The Rockaway peninsula may be left with only one hospital, with Peninsula Hospital Center set to close in less than three months as it faces deep debt to its unionized workforce, receiving far less public reimbursement than it costs to treat uninsured patients. “Without a long-term solution that puts Peninsula Hospital Center on the path to fiscal recovery, an organized closure may be the only option,” said spokesman Ole Pedersen.
The decision was announced at a hospital board meeting on July 22, where it was revealed that the hospital is bleeding in $13 million of red ink.
“It would be a catastrophe for the Rockaways. For many residents here, the emergency room is their only clinic and they already wait many hours to receive care,” said Esther Schenker, executive director of Jewish Services Coalition, which assists low-income and elderly members of the community in various assistance programs.
Without the 200-bed facility, only St. John’s Episcopal Hospital would remain to care for the approximately 130,000 residents on the 11-mile peninsula. If it closes, Peninsula would be the fourth hospital to close in Queens since 2008, taking away 1,000 jobs. “Among the factors is the payments they get back from Medicare and Medicaid do not equal to the services they pay. This is a recipe for disaster and a systemic problem,” said City Councilman James Sanders, who represents Far Rockaway. “We need to apply pressure to make sure that the payments the hospital receives are what it should be.”
For Hatzalah, the volunteer Jewish ambulance service, the hospital is a vital option that reduces traveling time, especially in the isolated Belle Harbor community. “Losing a hospital is devastating and while St. John’s is good, it would be under severe strain. For Belle Harbor residents, they would likely be driven to Brooklyn,” said Rabbi Elozer Kanner, coordinator of Hatzalah of the Rockaways and Nassau County. Rockaway Park activist Lew Simon said that with traffic, an emergency ride from Belle Harbor to St. John’s Episcopal Hospital could take up to 30 minutes, which could be a matter of life and death. “Medicaid is not widely accepted in this community but we also have the highest number of nursing homes in New York,” Simon said.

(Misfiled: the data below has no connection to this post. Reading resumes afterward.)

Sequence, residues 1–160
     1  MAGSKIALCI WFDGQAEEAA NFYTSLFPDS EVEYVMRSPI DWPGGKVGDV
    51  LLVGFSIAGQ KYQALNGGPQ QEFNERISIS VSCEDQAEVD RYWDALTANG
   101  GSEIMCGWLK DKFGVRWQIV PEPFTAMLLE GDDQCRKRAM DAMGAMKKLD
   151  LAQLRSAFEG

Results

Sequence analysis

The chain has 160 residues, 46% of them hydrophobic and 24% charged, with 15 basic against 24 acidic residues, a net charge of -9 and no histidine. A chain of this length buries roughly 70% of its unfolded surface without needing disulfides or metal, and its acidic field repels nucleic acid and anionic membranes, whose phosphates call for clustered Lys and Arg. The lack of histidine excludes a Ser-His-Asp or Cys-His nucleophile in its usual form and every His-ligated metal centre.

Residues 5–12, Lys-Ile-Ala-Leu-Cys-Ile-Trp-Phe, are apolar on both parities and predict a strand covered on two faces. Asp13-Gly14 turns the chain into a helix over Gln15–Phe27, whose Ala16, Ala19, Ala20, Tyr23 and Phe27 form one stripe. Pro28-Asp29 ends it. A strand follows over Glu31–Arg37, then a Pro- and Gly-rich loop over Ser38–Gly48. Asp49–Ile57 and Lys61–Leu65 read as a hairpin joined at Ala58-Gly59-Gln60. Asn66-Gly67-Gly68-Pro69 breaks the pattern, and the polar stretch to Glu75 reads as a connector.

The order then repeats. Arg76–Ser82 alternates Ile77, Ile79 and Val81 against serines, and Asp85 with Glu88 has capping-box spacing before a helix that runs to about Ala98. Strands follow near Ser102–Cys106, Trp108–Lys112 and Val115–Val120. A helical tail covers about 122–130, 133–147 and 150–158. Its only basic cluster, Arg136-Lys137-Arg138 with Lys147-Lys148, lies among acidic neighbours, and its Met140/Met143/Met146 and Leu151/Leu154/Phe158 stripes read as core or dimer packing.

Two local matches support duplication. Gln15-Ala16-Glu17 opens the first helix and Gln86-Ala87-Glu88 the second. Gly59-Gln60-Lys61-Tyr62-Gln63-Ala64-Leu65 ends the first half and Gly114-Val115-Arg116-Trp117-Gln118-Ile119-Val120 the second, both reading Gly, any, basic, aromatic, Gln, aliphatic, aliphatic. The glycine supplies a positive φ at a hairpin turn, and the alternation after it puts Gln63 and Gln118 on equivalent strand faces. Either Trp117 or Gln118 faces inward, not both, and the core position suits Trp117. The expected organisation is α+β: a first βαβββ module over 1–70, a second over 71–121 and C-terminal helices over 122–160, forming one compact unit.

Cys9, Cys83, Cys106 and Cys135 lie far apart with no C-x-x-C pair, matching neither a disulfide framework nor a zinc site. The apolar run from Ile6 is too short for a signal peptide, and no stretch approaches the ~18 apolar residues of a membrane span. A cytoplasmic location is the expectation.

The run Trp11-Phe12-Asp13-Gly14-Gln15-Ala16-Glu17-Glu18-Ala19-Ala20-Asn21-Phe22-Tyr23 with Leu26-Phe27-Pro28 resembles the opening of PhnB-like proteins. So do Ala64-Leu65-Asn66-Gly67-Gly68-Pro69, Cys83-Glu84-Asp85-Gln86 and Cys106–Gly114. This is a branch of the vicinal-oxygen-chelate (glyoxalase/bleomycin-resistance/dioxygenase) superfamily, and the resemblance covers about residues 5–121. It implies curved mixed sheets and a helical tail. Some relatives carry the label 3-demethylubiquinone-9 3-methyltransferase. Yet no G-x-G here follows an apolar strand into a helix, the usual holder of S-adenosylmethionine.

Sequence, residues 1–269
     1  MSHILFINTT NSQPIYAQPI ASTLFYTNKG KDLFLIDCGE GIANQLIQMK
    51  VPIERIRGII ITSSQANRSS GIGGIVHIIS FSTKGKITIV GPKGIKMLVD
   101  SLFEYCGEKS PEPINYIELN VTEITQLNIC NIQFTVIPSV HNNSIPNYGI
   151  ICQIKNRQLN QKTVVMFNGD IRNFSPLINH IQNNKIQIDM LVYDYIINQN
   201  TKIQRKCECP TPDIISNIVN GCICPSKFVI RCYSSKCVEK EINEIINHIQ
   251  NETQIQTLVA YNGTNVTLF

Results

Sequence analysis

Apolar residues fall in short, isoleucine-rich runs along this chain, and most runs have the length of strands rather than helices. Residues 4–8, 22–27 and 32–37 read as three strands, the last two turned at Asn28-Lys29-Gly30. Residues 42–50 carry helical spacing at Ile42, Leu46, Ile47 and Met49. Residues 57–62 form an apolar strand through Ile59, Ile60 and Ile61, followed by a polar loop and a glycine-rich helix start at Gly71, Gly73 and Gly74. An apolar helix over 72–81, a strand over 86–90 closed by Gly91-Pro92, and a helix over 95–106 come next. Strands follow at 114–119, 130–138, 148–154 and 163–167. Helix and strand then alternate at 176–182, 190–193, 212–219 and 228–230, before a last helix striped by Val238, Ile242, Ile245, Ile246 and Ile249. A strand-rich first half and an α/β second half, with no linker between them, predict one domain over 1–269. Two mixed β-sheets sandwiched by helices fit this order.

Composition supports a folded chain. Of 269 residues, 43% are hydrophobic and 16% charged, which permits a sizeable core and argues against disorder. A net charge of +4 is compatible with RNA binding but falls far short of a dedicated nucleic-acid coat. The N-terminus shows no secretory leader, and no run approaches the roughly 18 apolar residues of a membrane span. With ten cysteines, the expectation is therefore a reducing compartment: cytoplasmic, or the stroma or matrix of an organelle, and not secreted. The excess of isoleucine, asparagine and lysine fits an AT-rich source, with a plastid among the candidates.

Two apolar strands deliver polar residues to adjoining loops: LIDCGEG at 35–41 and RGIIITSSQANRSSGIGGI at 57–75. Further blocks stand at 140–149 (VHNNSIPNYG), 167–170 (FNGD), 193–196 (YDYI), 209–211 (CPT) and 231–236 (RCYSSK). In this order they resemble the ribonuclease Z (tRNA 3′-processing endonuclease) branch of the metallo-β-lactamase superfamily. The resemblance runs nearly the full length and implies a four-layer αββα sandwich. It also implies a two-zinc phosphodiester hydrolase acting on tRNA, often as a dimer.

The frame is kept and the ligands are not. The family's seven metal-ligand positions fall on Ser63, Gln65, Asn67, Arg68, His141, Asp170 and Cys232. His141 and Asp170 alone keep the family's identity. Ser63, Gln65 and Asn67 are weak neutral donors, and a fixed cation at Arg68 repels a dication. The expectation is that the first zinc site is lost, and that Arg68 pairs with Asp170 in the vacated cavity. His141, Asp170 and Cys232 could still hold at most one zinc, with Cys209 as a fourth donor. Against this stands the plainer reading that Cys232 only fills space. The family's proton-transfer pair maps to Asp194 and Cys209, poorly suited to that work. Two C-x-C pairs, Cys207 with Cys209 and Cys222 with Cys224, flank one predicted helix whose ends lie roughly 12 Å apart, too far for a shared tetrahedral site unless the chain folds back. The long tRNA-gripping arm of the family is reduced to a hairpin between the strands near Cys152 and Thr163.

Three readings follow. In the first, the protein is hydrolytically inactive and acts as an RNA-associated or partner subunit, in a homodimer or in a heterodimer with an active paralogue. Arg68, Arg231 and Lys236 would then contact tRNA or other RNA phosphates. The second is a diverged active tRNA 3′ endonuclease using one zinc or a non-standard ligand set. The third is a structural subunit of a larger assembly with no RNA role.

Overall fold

In 2006, the state-appointed Berger Commission recommended merging the two local hospitals into a single facility with up to 400 beds, arguing that both hospitals are “inefficient and outmoded.” The advice was never implemented. Instead, Peninsula joined the nonprofit MediSys Health Network of hospitals, in search of financial security. The hemorrhaging hospital saved on costs by deferring in union benefit payments to its staff.
Far Rockaway resident Jackie Bascom, who works as a nutrition coordinator at the Jewish Community Council of the Rockaway Peninsula said that while both hospitals are too small to serve the entire population, each has its specialty. “St. John’s has dialysis, but Peninsula has orthopedics, ophthalmology, and a dental clinic. St. John’s does not have a pharmacy and it is not equipped to handle the load,” Bascom said.
For now, local leaders are expressing sympathy and openness to all possibilities in keeping the hospital open. “I’m not opposed to the state taking over, I’m not opposed to the union bailing out the hospital, I’m not opposed to any realistic solution,” Sanders said.